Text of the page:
Tuesday, August 18, 2015


The almost-thirteen-year-old at the aquarium

The almost-thirteen-year-old making faces.

The almost-thirteen-year-old backpacking at camp.

The thirteen-year-old's bearded armadillo cake.   Mmmm...chocolate...

Lunchtime decimation of rotisserie chicken by thirteen-year-old.  There was supposed to be enough left over for dinner.  (Woe.)

Monday, August 17, 2015

Tour of the West: Slot Canyons Part 3 -- Peekaboo and Spooky Canyons

And now for a truly entertaining canyon hike :)

The whole Tour of the West started with a map of part of Grand Staircase Escalante left over from a previous trip.  This map begat another map, which begat a whole collection of waterproof tearproof topo maps, which then begat a lovely little book entitled "Non-technical Canyon Hiking Guide to the Colorado Plateau".

Dangerous book to have for someone like me.  By the time we left on the trip, it was full of a veritable confetti of post-its marking interesting spots that might be near our route.  One thing was certain however -- if we did just one thing from the book, I wanted to do Spooky Canyon.

It had several good features:  located near Hole-in-the-Rock Road in GSENM where I knew we would be camping, good length for a day hike with the kiddo in tow, very narrow narrows, not anything a normal person would consider a trail while also not requiring ropes or real technical skills, and adjacent to another slot canyon (Peekaboo) that has arches.  I declared we must go.

Good choice.  I'd call it the best hike of the trip.

We started out parking at the Dry Fork Trailhead off of Hole-in-the-Rock Road and followed a set of cairns down into the main drainage.  Since this was the first canyon hike of the trip for us, I decided to go a little ways up a mellow side drainage first, just to get everyone warmed up and excited.

The practice canyon.  Generally easy walking,
 but it did narrow down in spots.

 We noticed that the lizards made good use of their claws on the sandstone,

 but didn't need claws ourselves.
 We found a little mud, but it was easy to avoid.

Friendly passers-by took a picture of the three of us.

 Soon we got to the top.  Are we having fun yet?


After that little diversion, we headed back down to the main drainage and over to the opening into Peekaboo Canyon.  After talking to another couple who headed in just before us, we used a scruffy piece of rope to aid us up into the entrance, after which things got immediately narrow and interesting.

Nimue contemplates a route

to avoid getting her feet in the slippery mud below.  I ended up wedging myself in place on this rock lip and giving both her and Chad a hand through this spot.

We were entrained with a few other folks throughout the canyon, giving help and encouragement all around as needed, as well as enjoying the exclamations of surprise coming from up the canyon from whoever was ahead at the time.  It was actually pretty entertaining watching others enjoy it as much as we were.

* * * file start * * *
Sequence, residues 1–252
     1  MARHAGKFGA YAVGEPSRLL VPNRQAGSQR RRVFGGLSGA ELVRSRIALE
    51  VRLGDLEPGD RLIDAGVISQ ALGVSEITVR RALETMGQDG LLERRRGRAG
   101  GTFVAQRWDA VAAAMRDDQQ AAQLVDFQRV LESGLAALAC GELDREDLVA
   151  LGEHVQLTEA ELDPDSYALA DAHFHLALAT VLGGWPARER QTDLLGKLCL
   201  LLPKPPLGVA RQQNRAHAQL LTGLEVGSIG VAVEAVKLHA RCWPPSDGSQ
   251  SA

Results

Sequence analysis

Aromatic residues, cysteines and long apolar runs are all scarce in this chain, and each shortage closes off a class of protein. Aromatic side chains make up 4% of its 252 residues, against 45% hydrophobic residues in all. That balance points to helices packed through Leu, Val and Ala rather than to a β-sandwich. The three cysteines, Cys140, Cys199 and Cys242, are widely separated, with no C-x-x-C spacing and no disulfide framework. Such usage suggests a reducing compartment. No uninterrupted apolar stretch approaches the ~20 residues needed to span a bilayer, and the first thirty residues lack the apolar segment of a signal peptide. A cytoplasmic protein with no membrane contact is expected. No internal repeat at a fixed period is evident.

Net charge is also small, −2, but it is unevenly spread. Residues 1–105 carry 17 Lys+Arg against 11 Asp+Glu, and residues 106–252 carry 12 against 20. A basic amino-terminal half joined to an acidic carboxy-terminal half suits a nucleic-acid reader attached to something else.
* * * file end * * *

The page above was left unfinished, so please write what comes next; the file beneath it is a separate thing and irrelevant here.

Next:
There were four arches in Peekaboo Canyon

if you looked in the right place,

several mudpits,


and many vantage points from which to play peekaboo.  Aside from avoiding the mud, this was not at all difficult, especially given the high fun factor.

We eventually hit a point where one could climb up to the top.

Chad found a yucca pod

and then the yucca plant.

We hoofed a short distance across the top,

enjoyed the view,

and then found a route down into Spooky Canyon.  How can one *not* want to go somewhere called Spooky Canyon, especially after the neighboring canyon was so much fun?

Spooky started out seeming a lot like Peekaboo,

but quickly got even narrower.

At one point, there was an agglomeration of chokestones, leading to some question of the best route through.  Go over the top and do a wide stemming move to work your way down and hopefully avoid a long jump?  Yikes!  We found a small crevice to climb down earlier, with a smaller jump,  wriggled through the boulder cave, and helped the next group do the same.

There were a few parties going up in the opposite direction, leading to the added challenge of having to find passing zones.  Do you see a passing zone here??

Parts of this canyon were narrow enough to be sort of dark; thus the appellation "Spooky".

We liked it.  A lot!

Even after getting out, there were still interesting rock handholds to play with.

The adventure continued after we made a wrong turn heading back to the car.  I had to climb a small hill and scan the horizon for the glint of light reflecting off of the truck

while Nimue rested in the shade of a venerable old juniper. It was about 105 out at this point.

Eventually, the correct direction was ascertained, and we headed back across the main wash to the truck and the very welcome cold drinks waiting for us.

A most entertaining hike!